Bellshire United Methodist Church sat on 12 acres of land in a middle class neighborhood in Nashville. 15 years prior, when Love’s Chapel UMC closed, its members were moved to Bellshire’s roll. Bellshire had been declining for years. Some members were talking about where they would go when IT closed. There were no children. They had to recruit a high school girl to teach Donny when I was appointed there. Like the woman in the story, they were as good as dead, they thought.
But with a Sunday school teacher and one child, other families with children came. Two college students began a youth ministry. A Church of God in Christ congregation began to share the building and shared neighborhood ministry began. The neighborhood, which had once been white working class and became more diverse as original residents moved to assisted living, became interested in what the two churches were doing together. The presence of Jesus touched Bellshire, and the church was saved. Jesus brings new life into brokenness. What looked like death turned out to be new life.
III. SAVED…a glimpse of a new world order
If Jesus healed people just because they needed healing, that would make him a good, caring person – a model of God’s love for us, for the world, and particularly for suffering people. BUT there’s more! Jesus’ healing points to a new way of being, a new community, a new world order where there IS NO MORE brokenness and pain. His healings point to this new world, breaking into ours through his life and the ways it touches others.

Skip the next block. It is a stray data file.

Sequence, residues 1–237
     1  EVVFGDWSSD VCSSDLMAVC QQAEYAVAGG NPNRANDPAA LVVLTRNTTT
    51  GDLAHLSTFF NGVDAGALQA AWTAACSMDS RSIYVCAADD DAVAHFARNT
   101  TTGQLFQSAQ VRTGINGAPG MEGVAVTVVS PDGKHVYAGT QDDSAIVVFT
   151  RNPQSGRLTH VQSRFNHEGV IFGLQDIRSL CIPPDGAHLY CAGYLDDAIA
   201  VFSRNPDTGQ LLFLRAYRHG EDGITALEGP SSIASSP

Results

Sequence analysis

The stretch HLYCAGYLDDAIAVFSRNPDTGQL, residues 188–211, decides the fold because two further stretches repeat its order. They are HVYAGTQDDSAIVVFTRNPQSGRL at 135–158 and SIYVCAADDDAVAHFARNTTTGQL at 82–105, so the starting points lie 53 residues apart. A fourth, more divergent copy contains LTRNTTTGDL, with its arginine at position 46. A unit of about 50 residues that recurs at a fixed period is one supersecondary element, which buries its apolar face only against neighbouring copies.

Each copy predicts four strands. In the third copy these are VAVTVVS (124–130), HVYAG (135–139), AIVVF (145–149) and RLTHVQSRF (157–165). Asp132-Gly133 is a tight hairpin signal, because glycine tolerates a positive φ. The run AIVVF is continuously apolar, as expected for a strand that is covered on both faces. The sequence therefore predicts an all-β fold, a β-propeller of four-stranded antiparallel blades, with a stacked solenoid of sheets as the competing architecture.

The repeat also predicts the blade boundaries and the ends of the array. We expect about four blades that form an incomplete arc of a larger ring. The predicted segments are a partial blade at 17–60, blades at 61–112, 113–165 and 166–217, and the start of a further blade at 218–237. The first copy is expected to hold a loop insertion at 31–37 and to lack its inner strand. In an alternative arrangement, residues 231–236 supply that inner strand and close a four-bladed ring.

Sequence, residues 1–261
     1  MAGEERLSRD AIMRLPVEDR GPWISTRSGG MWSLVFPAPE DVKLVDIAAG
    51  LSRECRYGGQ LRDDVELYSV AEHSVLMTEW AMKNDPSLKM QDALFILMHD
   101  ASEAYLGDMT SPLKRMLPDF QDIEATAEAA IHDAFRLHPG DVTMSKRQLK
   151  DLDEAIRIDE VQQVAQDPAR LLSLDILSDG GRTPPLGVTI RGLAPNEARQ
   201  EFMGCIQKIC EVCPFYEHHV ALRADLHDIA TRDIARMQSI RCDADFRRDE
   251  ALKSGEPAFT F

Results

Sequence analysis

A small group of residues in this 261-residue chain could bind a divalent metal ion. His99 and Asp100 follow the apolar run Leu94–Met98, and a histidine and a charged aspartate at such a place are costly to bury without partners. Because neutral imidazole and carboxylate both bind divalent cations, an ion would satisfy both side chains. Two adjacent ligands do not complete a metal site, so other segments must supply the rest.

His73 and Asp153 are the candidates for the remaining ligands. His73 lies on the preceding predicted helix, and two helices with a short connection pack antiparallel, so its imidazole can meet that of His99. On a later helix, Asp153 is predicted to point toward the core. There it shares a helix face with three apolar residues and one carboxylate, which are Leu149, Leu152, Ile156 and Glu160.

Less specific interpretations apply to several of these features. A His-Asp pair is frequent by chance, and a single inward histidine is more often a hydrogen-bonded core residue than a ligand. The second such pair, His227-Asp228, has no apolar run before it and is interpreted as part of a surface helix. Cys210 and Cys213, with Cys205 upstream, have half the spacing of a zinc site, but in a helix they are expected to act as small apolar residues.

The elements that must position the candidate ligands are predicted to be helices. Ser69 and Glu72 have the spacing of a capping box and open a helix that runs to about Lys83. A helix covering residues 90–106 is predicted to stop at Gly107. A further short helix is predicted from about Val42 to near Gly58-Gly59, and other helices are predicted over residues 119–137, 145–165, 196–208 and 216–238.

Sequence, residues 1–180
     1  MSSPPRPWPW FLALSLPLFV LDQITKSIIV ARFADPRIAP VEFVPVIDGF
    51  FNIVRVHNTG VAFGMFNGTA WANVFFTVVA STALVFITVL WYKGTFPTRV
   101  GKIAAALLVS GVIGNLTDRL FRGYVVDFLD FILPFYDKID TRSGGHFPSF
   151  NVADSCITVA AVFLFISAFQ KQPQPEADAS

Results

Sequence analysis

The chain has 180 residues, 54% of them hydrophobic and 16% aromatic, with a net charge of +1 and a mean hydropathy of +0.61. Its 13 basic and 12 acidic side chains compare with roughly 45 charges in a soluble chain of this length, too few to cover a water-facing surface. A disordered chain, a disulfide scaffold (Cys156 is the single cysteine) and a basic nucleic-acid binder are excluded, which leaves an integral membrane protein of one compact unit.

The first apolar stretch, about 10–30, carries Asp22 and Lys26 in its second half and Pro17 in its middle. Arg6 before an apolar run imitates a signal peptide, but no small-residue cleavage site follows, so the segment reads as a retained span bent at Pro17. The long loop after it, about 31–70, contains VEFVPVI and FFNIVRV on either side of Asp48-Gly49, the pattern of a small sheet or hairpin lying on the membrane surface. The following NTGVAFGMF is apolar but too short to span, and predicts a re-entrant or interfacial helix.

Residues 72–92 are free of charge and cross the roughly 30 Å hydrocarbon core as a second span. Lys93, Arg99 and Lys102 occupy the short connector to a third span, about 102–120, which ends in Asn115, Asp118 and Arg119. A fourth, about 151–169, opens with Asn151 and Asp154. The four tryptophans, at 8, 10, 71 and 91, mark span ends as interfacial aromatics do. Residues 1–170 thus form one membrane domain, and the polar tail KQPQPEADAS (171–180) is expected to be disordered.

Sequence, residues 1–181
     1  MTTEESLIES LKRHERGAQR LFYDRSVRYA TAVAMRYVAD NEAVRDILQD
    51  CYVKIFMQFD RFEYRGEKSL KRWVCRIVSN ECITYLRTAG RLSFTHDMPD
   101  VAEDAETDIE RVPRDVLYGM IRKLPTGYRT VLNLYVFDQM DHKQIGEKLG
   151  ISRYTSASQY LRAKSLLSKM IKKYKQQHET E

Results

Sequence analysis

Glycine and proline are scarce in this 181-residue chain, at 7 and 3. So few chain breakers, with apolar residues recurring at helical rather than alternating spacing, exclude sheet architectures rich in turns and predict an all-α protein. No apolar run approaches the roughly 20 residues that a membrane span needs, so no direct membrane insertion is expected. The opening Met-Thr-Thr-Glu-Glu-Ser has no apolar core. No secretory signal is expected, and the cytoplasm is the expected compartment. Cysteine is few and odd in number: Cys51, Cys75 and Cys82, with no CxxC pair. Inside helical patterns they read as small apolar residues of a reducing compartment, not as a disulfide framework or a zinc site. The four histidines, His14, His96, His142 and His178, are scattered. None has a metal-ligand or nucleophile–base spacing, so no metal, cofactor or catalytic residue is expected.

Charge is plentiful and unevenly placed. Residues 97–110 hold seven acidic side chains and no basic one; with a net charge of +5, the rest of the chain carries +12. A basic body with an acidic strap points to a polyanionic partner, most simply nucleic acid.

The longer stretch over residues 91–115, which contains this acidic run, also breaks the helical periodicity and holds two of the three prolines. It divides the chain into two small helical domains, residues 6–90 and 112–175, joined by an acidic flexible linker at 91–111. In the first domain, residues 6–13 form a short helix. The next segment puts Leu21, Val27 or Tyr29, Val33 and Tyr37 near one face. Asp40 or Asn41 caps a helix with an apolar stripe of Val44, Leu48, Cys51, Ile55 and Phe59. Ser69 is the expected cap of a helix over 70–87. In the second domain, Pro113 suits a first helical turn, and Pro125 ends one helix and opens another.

LOOK! One who was dead, mid-funeral no less, is alive and well! Her body is a sign and foretaste of the resurrection of Jesus to come.
LOOK! One who was as good as dead, suffering for years and excluded from community, is fully alive and well! And Matthew says, not only is she well – she is saved! Her body had been broken open like new wineskins with old wine, like Jesus would be on the cross;… her leakiness paralleling that of Jesus, and now she is saved, with her healed body bearing the mark of Jesus!
Matthew interrupted the story of the girl, which signifies resurrection not only for her, but for Jesus, with a story signifying suffering and the cross…to show us that the troubles of this world are CHANGED by the presence of Jesus! Our lives are TRANSFORMED by the presence of Jesus! Jesus brings something completely new to our lives, not just a remodeling or rearranging, not just a patching up of the leaks of our lives. But something of the new world order that God intends is brought into our world in him – (pause) and we are transformed by it.
Perhaps you have seen such a transformed life.